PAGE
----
while the 5th and

Brigades

filled

the gap

between the Guards' Brigade and the 20th Brigade
at Kruiseik.

These

several advances resulted in

a line of defence

which jutted out from Zonneafter passing east of
fell

beke to Reutel, and then
Kruiseik and

— Zandvoorde —

back quite sud-

;

246

The

First Seven Divisions

denly, and in an
Zillebeke.

all

but straight

line, to

Klein

Klein Zillebeke, and Zonnebeke, then,

were the starting-points to north and south of
the bulge, and
it
is

significant
;

that these

two
ulti-

points have never been lost

nor has our

mate middle-of-November
been forced.

line,

which ran along

the high ridge connecting these two places, ever

But

till

this

obvious line of defence

was reached, we
the

lost

ground on each occasion that

enemy attacked in force. On the 26th we were driven back from
;

east of

Kruiseik to a position west of Kruiseik

on the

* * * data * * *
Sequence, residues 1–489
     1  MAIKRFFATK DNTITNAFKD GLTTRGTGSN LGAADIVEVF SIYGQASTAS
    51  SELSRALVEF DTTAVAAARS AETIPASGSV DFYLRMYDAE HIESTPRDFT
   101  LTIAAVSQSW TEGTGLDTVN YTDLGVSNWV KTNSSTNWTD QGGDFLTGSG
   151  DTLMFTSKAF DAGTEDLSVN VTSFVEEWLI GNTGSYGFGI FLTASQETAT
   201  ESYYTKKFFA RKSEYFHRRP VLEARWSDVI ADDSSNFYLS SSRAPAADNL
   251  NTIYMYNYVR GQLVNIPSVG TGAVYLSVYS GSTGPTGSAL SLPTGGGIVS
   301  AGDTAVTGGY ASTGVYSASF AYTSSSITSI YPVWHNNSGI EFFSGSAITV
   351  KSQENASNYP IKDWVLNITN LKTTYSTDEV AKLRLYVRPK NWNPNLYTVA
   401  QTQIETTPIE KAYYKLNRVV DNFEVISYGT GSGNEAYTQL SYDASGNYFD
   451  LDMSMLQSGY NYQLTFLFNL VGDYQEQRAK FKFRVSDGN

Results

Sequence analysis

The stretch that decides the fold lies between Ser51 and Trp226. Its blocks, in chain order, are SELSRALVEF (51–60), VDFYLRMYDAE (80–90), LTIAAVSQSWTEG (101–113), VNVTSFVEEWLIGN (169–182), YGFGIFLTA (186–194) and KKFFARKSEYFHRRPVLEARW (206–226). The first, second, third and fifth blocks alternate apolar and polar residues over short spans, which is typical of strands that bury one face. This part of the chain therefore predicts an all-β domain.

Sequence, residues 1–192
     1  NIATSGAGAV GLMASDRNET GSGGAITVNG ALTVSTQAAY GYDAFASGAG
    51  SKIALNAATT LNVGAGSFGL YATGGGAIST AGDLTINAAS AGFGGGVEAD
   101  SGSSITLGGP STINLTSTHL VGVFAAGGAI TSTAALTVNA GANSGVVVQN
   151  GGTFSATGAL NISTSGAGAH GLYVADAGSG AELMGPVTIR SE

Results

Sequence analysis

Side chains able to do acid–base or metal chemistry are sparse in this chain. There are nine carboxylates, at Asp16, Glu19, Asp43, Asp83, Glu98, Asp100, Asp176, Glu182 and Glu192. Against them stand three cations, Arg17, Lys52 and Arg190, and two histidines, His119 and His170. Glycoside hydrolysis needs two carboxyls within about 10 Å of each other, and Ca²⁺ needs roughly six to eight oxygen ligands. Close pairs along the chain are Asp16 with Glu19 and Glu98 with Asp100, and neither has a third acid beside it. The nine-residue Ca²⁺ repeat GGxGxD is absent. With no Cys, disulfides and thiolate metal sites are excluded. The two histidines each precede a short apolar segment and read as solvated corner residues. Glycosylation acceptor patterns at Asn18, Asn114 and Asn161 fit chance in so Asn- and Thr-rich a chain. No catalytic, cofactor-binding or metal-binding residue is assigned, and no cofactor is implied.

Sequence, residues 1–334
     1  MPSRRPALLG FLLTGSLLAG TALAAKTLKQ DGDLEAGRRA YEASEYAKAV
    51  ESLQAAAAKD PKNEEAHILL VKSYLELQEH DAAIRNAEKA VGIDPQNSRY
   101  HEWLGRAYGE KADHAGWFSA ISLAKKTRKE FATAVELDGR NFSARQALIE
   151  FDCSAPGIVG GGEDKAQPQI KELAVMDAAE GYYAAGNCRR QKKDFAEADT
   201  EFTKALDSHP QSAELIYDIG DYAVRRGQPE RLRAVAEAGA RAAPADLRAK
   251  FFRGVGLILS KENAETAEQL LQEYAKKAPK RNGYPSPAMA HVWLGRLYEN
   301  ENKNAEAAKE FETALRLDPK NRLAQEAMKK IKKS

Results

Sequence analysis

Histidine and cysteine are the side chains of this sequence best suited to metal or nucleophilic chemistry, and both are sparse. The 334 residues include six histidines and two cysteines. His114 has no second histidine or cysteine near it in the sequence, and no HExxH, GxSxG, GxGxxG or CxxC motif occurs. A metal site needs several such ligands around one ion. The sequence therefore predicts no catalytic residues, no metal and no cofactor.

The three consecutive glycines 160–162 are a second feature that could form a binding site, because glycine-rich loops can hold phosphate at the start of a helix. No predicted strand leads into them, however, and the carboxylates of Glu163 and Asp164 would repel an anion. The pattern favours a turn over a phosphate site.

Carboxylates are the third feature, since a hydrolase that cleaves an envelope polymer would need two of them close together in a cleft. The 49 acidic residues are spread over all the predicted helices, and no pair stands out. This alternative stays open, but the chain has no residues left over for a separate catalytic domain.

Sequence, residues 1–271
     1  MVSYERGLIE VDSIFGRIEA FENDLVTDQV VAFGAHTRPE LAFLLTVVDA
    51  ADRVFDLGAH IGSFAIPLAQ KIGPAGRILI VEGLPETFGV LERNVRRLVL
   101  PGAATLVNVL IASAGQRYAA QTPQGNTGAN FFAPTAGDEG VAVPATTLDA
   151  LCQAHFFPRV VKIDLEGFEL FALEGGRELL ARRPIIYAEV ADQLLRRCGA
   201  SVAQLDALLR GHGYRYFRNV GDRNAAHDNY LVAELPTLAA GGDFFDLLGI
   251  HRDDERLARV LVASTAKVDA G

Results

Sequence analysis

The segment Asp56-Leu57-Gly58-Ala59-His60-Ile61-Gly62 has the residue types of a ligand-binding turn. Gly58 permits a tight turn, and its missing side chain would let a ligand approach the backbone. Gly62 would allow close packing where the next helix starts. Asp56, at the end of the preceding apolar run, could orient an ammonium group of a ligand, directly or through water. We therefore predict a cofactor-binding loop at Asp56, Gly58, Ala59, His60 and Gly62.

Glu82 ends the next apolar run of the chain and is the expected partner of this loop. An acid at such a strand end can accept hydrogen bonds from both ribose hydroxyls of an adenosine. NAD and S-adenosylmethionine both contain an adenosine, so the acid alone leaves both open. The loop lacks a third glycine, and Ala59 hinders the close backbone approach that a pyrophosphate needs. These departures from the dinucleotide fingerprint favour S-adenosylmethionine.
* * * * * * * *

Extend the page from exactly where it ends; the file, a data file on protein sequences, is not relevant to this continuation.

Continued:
29th we

lost
;

Kruiseik and were driven back to
lost

Gheluvelt

on the 30th we
31st

Zandvoorde

we lost Gheluvelt, and were and on the driven back to a new position nearer Veldhoek. On November 2nd we were driven from this
position,

and our

line

was retired another 300

yards

towards

Hooge.

Here
the

it

remained

till

November
captured
us

nth,

when

Prussian

Guard

this position,

but was unable to drive
ridge.

from the Veldhoek

This ridge has,

from that date to the present
the ne plus ultra of

moment, proved
it
is

German

advance, and

fairly safe to predict that it will so

remain to the

end, unless voluntarily relinquished for sanitary
or strategic reasons.

This in

itself is a

cause for

The Last

of Kruiseik

247

congratulation and even triumph, but not so

is

the thought of the

many good men who

laid

down

their lives

between Kruiseik and Veldhoek

in the defence of the indefensible.

In reckoning up these successive retirements

from the point of view of military
success,

failure

or

or

from

the, perhaps,

more

interesting

point of view of the relative fighting merits of
those

who

retired

and those who advanced,

it is

well to realize, from the start, the tremendous
disparity in
forces.
this

numbers and
British

freshness of the opposing

The

commanders had, throughout
firing line,

defence of Ypres, to ring the changes, as

between reserve and
and
sometimes

with battalions,

even

with

companies.
afford to

The
it

German commanders could

do

with

Army Corps. Day after
jaded,

day,

the same British battalions,
of
officers,

depleted

and

gradually